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SUNDANCE 2021 Indie Series

Maria Belen Poncio and Rosario Perazolo Masjoan • Director and co-director of 4 Feet High

“We prioritised authenticity, and we wanted people to find beauty in this diverse body”


- We had the chance to talk to the two filmmakers behind the Argentinian transmedia series

Maria Belen Poncio and Rosario Perazolo Masjoan • Director and co-director of 4 Feet High

Cineuropa caught up with Maria Belen Poncio (director and co-writer) and Rosario Perazolo Masjoan (lead writer and co-director), the team behind the new transmedia series 4 Feet High [+see also:
series review
interview: Maria Belen Poncio and Rosa…
series profile
, presented in the Indie Series programme of the Sundance Film Festival.

Cineuropa: When did you start developing the project?
Rosario Perazolo Masjoan: The making of 4 Feet High began four years ago, when our producer Ezequiel Lenardon suggested making a VR documentary about my life after I gave a TEDx talk in Córdoba. I wanted to talk about the sexuality of people with disabilities. Together with Maria, we started to create this universe.

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Maria Belen Poncio: When Lenardon invited me to develop the project, I was captivated by the idea of rethinking the perception of disability and getting closer to that reality. Working with Rosario to create this piece has been a great journey. We shared many experiences and reflections that ended up being in the script. We also had a very talented team of writers – the two writers who worked on the last draft, Greta Molas and Javier Correa Cáceres, along with the others who participated in different stages of the development – namely, Elisa Gagliano, Ivana Galdeano, Gabriela Vidal and Delphine Agut.

How did you cast your three leads?
M: The casting was one of our top priorities. For me, it was very important to find someone with real disabilities to play the role. But I knew it was going to be a difficult process. We did a casting call through social media, inviting people for an in-person casting session in Córdoba and Buenos Aires. We wanted to prioritise the social and political importance of representation over possible professional experience. For me, as a disabled person, I know the importance of representation, the importance of not letting others speak for us. We cannot continue to tolerate people without disabilities representing bodies or realities that they don't “live”. Through art, we create culture and society, and culture should show real bodies as they are.

MBP: We prioritised authenticity, and we wanted people to find beauty in this diverse body. Marisol Agostina Irigoyen signed up to the casting through social media, but she was not able to get to the place because of transportation issues. After having seen nearly 20 wheelchair users in Córdoba and Buenos Aires, I went back to the registration form and saw Marisol, who had sent us a very cool video. She was very funny and singing beautifully. I asked her to do a private casting session and travelled to Buenos Aires just to see her. She didn't have any acting experience before, but her courage, the way she moved her body, how her eyes shined, her mix of tenderness and smartness – it was all captivating. She was Juana. The camera loved her.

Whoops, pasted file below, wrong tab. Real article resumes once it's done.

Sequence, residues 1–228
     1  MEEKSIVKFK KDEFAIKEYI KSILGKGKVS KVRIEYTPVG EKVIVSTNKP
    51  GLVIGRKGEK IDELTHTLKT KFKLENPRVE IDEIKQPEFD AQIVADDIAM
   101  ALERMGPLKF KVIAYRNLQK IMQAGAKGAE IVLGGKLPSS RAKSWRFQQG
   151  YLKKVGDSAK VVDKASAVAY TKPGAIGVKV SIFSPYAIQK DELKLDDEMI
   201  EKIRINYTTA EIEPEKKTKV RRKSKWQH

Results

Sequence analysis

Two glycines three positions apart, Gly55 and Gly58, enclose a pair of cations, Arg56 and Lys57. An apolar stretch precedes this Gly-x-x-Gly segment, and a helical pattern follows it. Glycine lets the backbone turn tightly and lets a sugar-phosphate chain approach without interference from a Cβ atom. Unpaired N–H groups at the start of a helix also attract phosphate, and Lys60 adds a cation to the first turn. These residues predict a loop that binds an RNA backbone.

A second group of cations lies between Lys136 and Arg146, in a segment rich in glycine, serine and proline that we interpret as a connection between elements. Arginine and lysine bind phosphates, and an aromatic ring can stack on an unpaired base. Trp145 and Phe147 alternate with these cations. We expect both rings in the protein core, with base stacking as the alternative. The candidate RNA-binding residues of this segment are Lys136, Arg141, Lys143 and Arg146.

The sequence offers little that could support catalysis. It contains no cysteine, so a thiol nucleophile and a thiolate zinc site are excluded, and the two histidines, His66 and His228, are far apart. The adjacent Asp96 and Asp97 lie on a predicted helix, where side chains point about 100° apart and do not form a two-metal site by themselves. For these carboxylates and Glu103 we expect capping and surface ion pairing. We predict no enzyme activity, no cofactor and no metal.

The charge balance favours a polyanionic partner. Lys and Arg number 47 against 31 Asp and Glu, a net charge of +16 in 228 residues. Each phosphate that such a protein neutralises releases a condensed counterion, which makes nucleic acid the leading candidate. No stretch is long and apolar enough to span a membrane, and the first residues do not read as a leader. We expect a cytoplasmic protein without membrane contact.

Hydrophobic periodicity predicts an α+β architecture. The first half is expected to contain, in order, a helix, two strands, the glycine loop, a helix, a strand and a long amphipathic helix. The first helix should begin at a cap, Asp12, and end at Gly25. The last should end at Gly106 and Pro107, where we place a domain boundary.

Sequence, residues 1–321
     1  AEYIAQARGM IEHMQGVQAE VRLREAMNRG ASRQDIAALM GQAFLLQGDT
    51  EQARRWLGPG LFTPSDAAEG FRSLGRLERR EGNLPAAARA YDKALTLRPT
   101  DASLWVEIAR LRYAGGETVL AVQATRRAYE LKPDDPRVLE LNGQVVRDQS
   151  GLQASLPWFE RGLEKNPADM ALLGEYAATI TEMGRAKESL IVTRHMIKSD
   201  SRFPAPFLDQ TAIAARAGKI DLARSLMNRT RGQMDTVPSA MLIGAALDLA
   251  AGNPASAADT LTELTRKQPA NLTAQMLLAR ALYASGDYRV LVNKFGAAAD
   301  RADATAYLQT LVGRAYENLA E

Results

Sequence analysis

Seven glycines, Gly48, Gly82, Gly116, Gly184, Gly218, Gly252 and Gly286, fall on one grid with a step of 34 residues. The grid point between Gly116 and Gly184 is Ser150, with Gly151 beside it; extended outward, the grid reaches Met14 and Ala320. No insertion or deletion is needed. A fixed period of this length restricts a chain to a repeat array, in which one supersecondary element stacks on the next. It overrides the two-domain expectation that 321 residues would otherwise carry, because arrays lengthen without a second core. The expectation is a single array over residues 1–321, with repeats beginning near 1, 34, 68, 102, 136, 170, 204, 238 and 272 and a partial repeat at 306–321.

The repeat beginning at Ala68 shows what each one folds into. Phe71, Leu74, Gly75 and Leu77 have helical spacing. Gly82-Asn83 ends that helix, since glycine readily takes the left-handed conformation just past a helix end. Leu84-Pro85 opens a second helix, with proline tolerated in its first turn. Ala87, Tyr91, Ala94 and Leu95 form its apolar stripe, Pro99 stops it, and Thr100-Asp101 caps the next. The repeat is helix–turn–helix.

Regarding Marcio Ramses and Florencia Licera [who play Efe and Julia, respectively], they are both from Córdoba, and they attended the casting sessions. The minute they entered the room, I loved them. Florencia’s personality reflected how we had imagined Julia – strong, powerful and combative. The same thing happened with Marcio – both feminine and masculine. We wanted Efe to be like that: free, without categories, without labels.

Why did you decide to add visual effects to show Juana's inner world?
The idea behind adding animation was indeed to share Juana's inner world, thoughts and emotions. The whole story is told from her perspective, and we wanted to invite people to feel what she feels. This also opened up the possibility of breaking the boundaries between reality and fiction. The animated universe was built by a group of artists from Córdoba – Florencia Cosutta, Agustina Moron, El Pelele and Sofia Torres Kosiba, led by art director Guillermo Mena. It was animated by MalditoMaus and Estudio Animo, along with other independent VFX composers.

Why did you decide to add a VR experience to the production? How will viewers explore Juana's emotions?
The project was born as a VR series inviting people to live the experience of being 4 feet off the ground, the height from which you see the world when you are in a wheelchair. After making a first short VR film in 2018, entitled 4 Feet: Blind Date, we noticed that we wanted this story to be more accessible than what VR could offer, so we decided to work on a cross-platform series. So we decided to include not only four powerful VR sensorial experiences – inviting viewers to live out those situations, explore the locations and feel closer to the characters – but also six 2D episodes to reach a wider audience. In these “flat” episodes, we see more character development, dialogues and conflicts, whereas the VR component allows us to dig deep into a more experiential and sensorial dimension.

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